Reasonableness and fairness or a penalty after all?

Next, we return to the question of how far one can go with the bad leaver clause in terms of adverse financial consequences for the leaver before it is deemed contrary to reasonableness and fairness. After all, it does not seem reasonable to have to offer shares worth, say, more than €1 million at the nominal value of €1.

In a dispute before the District Court of The Hague on 20 June 2018[2] (which was upheld on appeal), the question was whether the former director of the company was bound by the ‘bad leaver’ provision and therefore had to transfer his shares at their nominal value.

The management agreement had been terminated by the company for urgent reasons and the court considered this a justified dismissal under Section 7:678 DCC. According to the management agreement, the former director had to transfer his shares at nominal value in case of dismissal due to an urgent reason. The (former) director tried in vain to get out of the provision by invoking reasonableness and fairness. However, the court did not go along with his reasoning.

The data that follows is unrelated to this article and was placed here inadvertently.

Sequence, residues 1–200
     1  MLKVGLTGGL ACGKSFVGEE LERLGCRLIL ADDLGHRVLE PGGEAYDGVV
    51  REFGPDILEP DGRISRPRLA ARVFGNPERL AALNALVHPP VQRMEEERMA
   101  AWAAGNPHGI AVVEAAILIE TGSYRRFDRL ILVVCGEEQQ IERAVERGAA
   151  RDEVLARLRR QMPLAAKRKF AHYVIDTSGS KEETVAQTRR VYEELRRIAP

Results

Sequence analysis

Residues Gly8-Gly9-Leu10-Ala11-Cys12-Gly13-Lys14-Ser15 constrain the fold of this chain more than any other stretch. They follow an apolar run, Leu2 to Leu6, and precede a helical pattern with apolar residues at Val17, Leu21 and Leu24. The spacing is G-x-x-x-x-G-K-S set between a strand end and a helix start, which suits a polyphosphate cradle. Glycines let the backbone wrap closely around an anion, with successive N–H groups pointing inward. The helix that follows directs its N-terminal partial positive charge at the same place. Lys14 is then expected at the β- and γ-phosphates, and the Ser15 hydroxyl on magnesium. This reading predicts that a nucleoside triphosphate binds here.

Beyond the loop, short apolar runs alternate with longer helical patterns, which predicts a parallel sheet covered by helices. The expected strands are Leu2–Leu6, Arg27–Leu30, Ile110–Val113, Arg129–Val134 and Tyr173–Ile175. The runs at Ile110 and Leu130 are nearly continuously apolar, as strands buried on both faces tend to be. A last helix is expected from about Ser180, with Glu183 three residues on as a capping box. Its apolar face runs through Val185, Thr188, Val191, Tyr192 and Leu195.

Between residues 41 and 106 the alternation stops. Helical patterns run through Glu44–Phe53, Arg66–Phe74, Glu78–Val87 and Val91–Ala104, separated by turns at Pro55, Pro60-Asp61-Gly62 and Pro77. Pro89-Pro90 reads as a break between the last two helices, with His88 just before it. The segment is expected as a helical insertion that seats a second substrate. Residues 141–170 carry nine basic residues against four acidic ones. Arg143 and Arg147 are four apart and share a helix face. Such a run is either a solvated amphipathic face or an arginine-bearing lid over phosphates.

The court considered that this clause had already been agreed upon in the letter of intent. Moreover, the party was assisted in this by specialists, including lawyers and accountants. According to the court, the director therefore had to be aware of the scope and (financial) consequences of the clause. To the extent that this was not the case, this should still be for the director’s account and risk. Finally, the court emphasises that the threshold for assuming urgent reasons is high and can only be accepted in case of seriously culpable behaviour of the director. As a result, the court concludes that the former director is bound by the provision and an appeal to reasonableness and fairness does not succeed. Thus, the mandatory offer of shares at par value does not automatically violate reasonableness and fairness.